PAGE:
Author Topic: What will the BFS tanker look like?  (Read 13166 times)

Online Slarty1080

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What will the BFS tanker look like?
« on: 03/24/2018 11:42 AM »
BFS tanker variant – I would be interested in people’s views of what this might look like. We know that it will be optimised for maximum fuel transfer, will be reusable, be based on the BFS design and according to Elon will look “kind of weird”. So what options are there?

From a weight saving angle it should resemble an elongated sphere with a diameter of 9 meters. But it will also need to re-enter the atmosphere and land so will need the BFS engine layout and heat shield. But how much of the rest of the BFS structure will it use? Will it just be a cut down BFS shell? Or a standard BFS shell with empty space in it? What might count as kind of weird?
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Offline speedevil

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Re: What will the BFS tanker look like?
« Reply #1 on: 03/24/2018 12:35 PM »
BFS tanker variant – I would be interested in people’s views of what this might look like.

I would not be surprised if it is not considerably delayed.
BFS in the minimum Mars capable form - no windows, passenger door, ... is quite capable of lifting fuel, and at best you're going to get another 20-30 tons fuel from a tanker, due to lowering structural weight.

This means a tanker flies 10-20% less, for bulk fuel deliveries - while still being a large slice as expensive to construct as a 'normal' BFS.

A spare BFS may be operationally more valuable at this point.

Addressing the 'it's gonna look wierd' comment.
In principle, thermal protection may be moderately easier in some ways with a 15m tanker, that launches mostly dry, and has great ability to act as a depot.

This is inconsistent with the IAC2017 presentation showing similar OML though.

Offline Archibald

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Re: What will the BFS tanker look like?
« Reply #2 on: 03/24/2018 03:18 PM »
Interestingly enough, while the KC-135 was Boeing main aerial tanker, there were also a lot of converted civilian 707 tankers, less efficient but cheaper to operate. Same dilema here !

On top of my head, bar USAF of course, in fact few other air forces ever bought KC-135s: perhaps France and Turkey. Everybody else, from Israel to Canada to Australia, got converted 707s.
« Last Edit: 03/25/2018 09:34 AM by Archibald »
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Online Elmar Moelzer

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Re: What will the BFS tanker look like?
« Reply #3 on: 03/25/2018 03:01 PM »
This is inconsistent with the IAC2017 presentation showing similar OML though.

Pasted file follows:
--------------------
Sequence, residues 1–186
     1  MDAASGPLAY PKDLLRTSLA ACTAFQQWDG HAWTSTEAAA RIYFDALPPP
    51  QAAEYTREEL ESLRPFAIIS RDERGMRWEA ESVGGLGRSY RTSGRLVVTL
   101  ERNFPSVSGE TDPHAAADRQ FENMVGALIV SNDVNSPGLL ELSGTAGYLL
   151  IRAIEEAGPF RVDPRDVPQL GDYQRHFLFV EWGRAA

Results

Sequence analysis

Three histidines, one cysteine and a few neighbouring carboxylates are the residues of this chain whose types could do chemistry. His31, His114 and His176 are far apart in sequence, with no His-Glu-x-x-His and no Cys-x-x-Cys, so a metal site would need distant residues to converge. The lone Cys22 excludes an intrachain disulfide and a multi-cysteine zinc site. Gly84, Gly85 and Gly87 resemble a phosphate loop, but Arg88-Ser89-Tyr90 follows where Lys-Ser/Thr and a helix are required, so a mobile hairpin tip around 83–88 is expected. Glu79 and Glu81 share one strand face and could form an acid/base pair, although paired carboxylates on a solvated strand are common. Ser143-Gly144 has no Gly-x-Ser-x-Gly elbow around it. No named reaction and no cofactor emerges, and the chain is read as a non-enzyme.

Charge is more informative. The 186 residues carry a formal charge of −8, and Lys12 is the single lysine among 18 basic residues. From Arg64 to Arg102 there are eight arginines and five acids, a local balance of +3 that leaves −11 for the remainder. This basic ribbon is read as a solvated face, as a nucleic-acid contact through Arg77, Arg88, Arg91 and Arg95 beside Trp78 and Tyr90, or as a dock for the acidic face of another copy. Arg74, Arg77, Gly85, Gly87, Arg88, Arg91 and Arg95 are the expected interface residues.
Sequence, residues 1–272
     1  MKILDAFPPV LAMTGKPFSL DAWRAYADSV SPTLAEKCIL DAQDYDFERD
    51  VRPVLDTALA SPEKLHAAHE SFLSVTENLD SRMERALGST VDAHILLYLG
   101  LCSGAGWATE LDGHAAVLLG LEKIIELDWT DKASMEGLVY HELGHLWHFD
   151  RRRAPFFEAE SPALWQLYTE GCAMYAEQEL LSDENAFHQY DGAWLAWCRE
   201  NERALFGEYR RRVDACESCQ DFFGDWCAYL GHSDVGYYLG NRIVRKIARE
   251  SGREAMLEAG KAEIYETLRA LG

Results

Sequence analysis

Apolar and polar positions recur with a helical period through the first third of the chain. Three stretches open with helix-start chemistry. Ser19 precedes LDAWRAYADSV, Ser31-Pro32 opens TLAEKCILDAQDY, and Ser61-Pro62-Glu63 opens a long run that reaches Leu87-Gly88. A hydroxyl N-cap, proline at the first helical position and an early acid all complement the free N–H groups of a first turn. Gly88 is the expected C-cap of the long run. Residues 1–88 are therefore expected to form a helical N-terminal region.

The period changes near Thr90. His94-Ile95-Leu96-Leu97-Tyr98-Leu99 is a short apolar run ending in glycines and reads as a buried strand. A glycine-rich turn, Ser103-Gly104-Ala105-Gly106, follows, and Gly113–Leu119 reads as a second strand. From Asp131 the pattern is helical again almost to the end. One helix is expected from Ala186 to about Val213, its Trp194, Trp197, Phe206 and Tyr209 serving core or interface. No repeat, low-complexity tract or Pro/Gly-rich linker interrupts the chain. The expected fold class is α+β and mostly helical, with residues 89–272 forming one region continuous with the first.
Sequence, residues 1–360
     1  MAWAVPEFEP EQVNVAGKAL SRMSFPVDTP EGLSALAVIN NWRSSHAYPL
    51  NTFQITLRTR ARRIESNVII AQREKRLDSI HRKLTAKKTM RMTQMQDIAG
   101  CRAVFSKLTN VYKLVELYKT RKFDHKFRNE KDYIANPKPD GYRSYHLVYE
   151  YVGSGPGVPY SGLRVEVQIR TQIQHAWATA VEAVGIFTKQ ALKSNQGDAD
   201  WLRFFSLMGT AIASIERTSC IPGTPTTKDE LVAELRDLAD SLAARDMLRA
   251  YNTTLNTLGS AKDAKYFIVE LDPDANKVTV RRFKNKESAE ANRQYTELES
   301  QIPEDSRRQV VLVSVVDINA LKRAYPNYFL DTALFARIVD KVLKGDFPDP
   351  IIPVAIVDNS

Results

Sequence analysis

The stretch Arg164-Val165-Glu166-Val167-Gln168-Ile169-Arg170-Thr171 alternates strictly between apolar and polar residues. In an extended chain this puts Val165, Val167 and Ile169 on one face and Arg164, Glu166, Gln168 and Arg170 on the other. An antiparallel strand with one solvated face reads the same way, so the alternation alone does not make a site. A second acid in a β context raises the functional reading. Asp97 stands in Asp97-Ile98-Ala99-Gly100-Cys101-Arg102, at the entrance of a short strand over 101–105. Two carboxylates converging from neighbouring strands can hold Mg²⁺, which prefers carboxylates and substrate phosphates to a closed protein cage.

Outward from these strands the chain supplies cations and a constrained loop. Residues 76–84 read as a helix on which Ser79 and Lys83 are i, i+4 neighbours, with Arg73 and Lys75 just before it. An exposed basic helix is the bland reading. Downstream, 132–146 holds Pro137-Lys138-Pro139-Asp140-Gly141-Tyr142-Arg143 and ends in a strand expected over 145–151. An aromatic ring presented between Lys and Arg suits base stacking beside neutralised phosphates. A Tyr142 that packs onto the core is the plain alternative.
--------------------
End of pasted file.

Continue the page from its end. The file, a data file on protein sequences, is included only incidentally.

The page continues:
I saw that quote from Musk and I believe that the tanker shown in the 2017 presentation is essentially the cargo version of BFS without cargo bay doors. Musk however indicated on Reddit that there will be a dedicated tanker version that will look "kind of weird". So what ways are there to cut down the outer mold line without losing aerodynamic properties for launch and re- entry? Maybe they will also move (or remove) the wings?

Offline speedevil

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Re: What will the BFS tanker look like?
« Reply #4 on: 03/25/2018 03:44 PM »
This is inconsistent with the IAC2017 presentation showing similar OML though.
I saw that quote from Musk and I believe that the tanker shown in the 2017 presentation is essentially the cargo version of BFS without cargo bay doors. Musk however indicated on Reddit that there will be a dedicated tanker version that will look "kind of weird". So what ways are there to cut down the outer mold line without losing aerodynamic properties for launch and re- entry? Maybe they will also move (or remove) the wings?

I guess there are several kinds of weird.
It looks like a chicken. (it is clear to the general public that is confused if Voyager is a real science show it looks weird).
It looks very different to IAC2017 BFS.
It looks very odd to people who understand rockets at first glance.

The last one might almost be 'lol - we did nothing other than remove the windows', from the perspective of the third.
Those who have 'it must be as light as possible' baked in as a mantra, when easy reusability trumps it so far as to make lightness irrelevant mostly.
But that's a bit of a cop-out.

Significantly oversized/diameter tanks, compared to BFS.
I think this is possibly the most plausible.
Once experience is gained by operating BFR, the stresses on the interface during normal launch will be well known, and allow for reasonable safe extrapolation to rather more draggy and heavy payloads.
This is not going to look very weird to someone in the general public.

The only sort-of-sane 'really weird' suggestion I can think of that makes some degree of sense would be a very large tank, capable of storing 4000 tons or so of propellant, which normally lifts off with 2000ish tons, with the normal BFS raptors supplemented by four raptors on the outside diameter, several degrees out so as to parallel stage with S1 at liftoff to get the launch acceleration reasonable.

This would look weird and sort-of-work, and be a really, really awesome moon lander basis, as the jets from the top would not impinge on the legs.

However, as above, I'm not sure we're seeing tankers soon - unless they are cutdown BFS.

Online Elmar Moelzer

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Re: What will the BFS tanker look like?
« Reply #5 on: 03/25/2018 08:52 PM »
The exact quote by Musk is:
Quote
At first, the tanker will just be a ship with no payload. Down the road, we will build a dedicated tanker that will have an extremely high full to empty mass ratio (warning: it will look kinda weird).

Offline Archibald

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Re: What will the BFS tanker look like?
« Reply #6 on: 03/26/2018 05:57 AM »
Just a simple question. We know that at least five tankers will be needed to fill the tanks of a single BFS. So every single tanker will have to dock back-to-back with the BFS, rince, repeat.